Bear with my story here. Ten years ago I served on a jury as an alternate to convict a fellow of a drug charge. He had been held EIGHT MONTHS in Rikers Island for his " fair and speedy" trial, but that isn't the point of this post. The defendant, speaking only Spanish, attended the trial every day with an interpreter. He had a court appointed lawyer. A guard stayed with the defendant, two others were at the door to the courtroom during the entire trial. There was, of course, a judge. There was a bilingual stenographer. There were two lawyers for the prosecution who called two undercover policemen to testify. They called a court appointed chemist to describe the contraband. They had a person whose job was to tell us to stand up and sit down on occasion. There was another person who knocked on the door of the jury room when we were needed, and three people who were responsible for scheduling, that is, making sure all of us were in the right place at the right time. As it turns out, the defendant was not actually in possession of narcotics, he was charged with sales, although there was no money or drugs on the stoop where he sat...what he did was lift one hand and point to someone across the street who DID have drugs for sale. He was convicted and sentenced to five years, but allowing for the 8 months he had already served, it came to 4 years and 4 months. This means, including the jury, there were 29 people involved in convicting this prisoner. Oh...and one person who screened the movie "your responsibilities as a juror." That makes THIRTY. Deducting the 13 jurors, who spent one day waiting and three days "jurying"...17 full-time paid employees who earned their salary convicting the defendant. I assume he has been cared for and fed since. Now I am not advocating drug legalization or even finding fault with our jurisprudence system. I also don't use illegal drugs, I'm sick enough already. But I do often wonder if anyone has yet provided a job to our rehabilitated Spanish speaking ex-con with a five year record. The film being shown in this Texas town was directed by Elmer Clifton in 1937 with the slogan "a puff, a party, a tragedy".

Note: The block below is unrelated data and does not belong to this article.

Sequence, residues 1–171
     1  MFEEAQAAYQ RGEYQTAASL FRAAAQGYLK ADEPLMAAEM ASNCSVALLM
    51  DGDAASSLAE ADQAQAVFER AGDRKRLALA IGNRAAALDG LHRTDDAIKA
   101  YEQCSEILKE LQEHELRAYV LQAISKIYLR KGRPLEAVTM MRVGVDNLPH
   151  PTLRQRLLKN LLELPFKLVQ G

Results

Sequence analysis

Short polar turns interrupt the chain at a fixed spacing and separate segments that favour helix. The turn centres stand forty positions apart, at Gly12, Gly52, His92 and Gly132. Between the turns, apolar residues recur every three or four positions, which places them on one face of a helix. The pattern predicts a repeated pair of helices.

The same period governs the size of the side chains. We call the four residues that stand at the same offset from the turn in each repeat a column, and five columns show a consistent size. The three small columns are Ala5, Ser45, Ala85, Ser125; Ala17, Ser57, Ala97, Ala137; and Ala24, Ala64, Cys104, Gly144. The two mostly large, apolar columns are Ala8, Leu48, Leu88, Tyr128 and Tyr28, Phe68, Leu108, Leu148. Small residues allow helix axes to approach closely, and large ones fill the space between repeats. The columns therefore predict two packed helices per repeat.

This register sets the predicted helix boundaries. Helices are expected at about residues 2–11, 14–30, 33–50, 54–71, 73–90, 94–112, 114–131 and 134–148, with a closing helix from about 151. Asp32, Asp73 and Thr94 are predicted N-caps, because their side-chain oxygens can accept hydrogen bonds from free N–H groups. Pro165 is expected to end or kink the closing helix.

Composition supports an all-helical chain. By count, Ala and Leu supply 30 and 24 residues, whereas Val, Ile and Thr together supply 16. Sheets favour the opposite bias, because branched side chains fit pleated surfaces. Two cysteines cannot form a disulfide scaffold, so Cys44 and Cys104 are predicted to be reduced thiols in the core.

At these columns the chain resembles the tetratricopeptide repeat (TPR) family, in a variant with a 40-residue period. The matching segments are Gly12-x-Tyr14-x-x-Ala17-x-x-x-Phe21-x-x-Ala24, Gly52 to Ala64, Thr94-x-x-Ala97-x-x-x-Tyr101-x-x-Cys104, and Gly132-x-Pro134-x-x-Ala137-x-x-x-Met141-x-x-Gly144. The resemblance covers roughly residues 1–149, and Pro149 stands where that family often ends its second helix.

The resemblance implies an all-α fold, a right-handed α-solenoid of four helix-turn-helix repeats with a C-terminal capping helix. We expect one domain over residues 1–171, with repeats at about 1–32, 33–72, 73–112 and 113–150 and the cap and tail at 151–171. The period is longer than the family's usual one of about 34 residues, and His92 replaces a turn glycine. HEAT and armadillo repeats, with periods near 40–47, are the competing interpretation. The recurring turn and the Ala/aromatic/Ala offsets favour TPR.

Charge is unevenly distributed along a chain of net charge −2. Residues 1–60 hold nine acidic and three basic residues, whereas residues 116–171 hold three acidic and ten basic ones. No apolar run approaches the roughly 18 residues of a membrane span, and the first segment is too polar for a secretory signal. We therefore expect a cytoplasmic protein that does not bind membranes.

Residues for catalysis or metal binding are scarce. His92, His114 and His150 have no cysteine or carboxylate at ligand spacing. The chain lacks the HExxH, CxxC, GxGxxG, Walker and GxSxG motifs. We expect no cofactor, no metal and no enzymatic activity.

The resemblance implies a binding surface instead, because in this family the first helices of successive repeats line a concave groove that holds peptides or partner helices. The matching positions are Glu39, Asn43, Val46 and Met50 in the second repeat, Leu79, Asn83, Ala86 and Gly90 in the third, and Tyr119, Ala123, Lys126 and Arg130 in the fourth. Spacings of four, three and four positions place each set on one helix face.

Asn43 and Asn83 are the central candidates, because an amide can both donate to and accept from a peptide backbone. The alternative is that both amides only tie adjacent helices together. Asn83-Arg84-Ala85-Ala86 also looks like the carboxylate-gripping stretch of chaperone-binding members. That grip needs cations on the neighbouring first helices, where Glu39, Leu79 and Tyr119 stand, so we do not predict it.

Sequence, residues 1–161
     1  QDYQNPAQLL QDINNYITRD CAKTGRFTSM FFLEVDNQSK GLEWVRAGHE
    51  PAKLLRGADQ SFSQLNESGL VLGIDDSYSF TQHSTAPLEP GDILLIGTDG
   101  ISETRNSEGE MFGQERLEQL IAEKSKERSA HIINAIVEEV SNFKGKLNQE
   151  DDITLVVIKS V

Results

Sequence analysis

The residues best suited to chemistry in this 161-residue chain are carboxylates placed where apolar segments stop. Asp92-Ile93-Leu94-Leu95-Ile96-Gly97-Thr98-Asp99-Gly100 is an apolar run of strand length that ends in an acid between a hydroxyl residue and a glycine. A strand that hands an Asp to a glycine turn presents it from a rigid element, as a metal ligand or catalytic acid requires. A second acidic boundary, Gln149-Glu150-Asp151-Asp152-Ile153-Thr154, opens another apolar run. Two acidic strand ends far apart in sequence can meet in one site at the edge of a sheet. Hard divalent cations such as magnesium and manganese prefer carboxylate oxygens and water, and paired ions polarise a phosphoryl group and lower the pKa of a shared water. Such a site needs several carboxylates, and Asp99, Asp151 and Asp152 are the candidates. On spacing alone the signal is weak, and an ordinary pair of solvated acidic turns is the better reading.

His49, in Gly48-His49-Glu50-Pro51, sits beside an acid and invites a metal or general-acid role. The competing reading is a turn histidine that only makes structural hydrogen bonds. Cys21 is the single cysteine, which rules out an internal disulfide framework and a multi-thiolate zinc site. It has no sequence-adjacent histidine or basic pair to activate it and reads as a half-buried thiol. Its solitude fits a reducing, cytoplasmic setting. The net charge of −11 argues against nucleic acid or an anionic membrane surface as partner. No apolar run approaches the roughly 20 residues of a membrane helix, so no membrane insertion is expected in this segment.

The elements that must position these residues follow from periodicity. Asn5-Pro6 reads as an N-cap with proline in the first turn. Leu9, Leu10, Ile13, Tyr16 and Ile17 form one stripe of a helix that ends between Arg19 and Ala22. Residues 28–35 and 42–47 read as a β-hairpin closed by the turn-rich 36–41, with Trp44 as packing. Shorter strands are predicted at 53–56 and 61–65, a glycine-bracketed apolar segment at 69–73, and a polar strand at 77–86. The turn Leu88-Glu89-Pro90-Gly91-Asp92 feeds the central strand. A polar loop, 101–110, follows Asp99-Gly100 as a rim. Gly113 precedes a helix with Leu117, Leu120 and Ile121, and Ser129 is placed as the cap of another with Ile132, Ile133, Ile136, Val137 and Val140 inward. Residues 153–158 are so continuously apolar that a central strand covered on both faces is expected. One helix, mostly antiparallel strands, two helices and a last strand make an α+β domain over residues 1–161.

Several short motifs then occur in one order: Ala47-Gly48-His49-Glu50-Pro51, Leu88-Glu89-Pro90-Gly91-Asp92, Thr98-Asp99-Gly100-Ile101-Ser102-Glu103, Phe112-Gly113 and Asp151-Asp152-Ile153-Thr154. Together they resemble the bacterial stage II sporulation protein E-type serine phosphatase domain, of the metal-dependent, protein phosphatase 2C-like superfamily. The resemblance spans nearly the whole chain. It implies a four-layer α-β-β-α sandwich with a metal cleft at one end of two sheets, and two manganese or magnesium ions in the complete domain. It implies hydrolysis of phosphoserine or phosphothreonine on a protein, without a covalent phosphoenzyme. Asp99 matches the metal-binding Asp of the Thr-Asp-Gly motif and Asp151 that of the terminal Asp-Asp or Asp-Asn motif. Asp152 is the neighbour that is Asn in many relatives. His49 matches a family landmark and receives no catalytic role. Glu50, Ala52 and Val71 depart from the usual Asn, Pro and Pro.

"Assassin of Youth, El Paso, Texas" Original Silver Print Photograph c.1938 8 x 10 Collection Jim Linderman